Did I Still Have my Teeth?

As blood pooled between my upper lip, teeth, and cheek, I moaned in pain.

“Mommmm! Mommm!” Caleb yelled. “Are you alright?” Mommmm!”

Caleb couldn’t see me.

The room in our rondavel was pitch, pitch, pitch black. I couldn’t even see my hand as I raised it to the front of my face to feel if my teeth were still in place.

I cried.

The pain was excruciating.

Mere seconds before, I was standing upright and about to put my clothes away for the night. Caleb was already in bed. Jake, Caleb, John and I were sharing a long rondavel-like space together for our eleven-day stay in Zimbabwe. I hadn’t wanted to wake Caleb, so I chose not to turn on my torch (flashlight). John and Jake were still outside and would be entering our bedroom-space shortly.

I planned to be in bed well before their arrival. I had an early morning ahead of me.

I took a step towards my bag to deposit my clothes. It was an easy enough task before jumping into bed.

Alas, I failed to remember that John’s purple back-roller was on the floor. We had positioned it near our bed because the bed’s end posts jutted out from its frame – we could easily bump into it. The back-roller was a precautionary buffer.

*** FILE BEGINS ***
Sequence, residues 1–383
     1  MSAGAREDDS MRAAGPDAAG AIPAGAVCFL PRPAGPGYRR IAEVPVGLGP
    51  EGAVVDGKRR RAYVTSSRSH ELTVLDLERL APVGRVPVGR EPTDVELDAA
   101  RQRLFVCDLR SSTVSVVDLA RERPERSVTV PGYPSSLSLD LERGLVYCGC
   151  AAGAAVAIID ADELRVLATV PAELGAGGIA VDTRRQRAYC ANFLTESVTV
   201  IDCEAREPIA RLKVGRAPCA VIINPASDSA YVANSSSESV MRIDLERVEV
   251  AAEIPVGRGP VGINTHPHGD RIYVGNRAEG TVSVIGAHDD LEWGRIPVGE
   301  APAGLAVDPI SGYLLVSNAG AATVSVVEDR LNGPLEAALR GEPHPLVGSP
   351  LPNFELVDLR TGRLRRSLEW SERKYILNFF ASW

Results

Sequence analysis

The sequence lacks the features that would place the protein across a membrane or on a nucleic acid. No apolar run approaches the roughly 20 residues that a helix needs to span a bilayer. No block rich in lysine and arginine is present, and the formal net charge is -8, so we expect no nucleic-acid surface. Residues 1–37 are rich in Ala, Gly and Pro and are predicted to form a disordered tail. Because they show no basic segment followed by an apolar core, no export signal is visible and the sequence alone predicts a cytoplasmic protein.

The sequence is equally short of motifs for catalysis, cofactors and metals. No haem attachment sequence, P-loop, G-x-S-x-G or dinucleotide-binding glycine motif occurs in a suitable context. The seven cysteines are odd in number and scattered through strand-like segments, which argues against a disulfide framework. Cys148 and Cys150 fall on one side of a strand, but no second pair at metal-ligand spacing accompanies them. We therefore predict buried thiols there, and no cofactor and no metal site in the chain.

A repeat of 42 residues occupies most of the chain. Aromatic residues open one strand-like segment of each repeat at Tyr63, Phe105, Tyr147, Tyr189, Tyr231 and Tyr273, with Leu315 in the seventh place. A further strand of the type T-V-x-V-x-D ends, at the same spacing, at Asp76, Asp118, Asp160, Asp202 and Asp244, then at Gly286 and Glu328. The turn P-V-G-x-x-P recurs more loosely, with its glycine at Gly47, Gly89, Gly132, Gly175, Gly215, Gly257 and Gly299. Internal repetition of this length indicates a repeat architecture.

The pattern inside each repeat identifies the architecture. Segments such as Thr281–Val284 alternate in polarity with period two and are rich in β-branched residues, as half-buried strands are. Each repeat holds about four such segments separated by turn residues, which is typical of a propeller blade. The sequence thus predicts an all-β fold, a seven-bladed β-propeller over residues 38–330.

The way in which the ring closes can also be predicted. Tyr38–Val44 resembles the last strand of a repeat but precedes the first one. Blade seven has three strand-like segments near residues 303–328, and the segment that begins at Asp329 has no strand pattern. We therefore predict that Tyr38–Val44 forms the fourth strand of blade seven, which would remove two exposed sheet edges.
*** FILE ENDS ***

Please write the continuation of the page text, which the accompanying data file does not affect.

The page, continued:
But, I hadn’t remembered that.

As my right foot landed atop the purple back-roller, my foot rolled forward and my whole body with it. Down I went. Fast.

There wasn’t even a second offered – to extend my hands and arms – to catch my fall.

Somehow, someway my body rolled a bit to the left and so the side of my mouth and face hit the concrete floor with a deafening thud. I screamed as I fell – so much for Caleb remaining asleep – and he yelled out to me in fear.

I couldn’t answer.

I reached up to feel for my teeth.

Were my teeth still there?

As I slid my tongue carefully and tentatively over each tooth, I felt them all. I felt each tooth with my fingers. My teeth were jarred, but still in place. Pain pulsed from my mouth to my upper cheek.  I could feel my lip and cheek swelling up fast – a very grim prospect considering that I would be presenting an all-day workshop in the morning.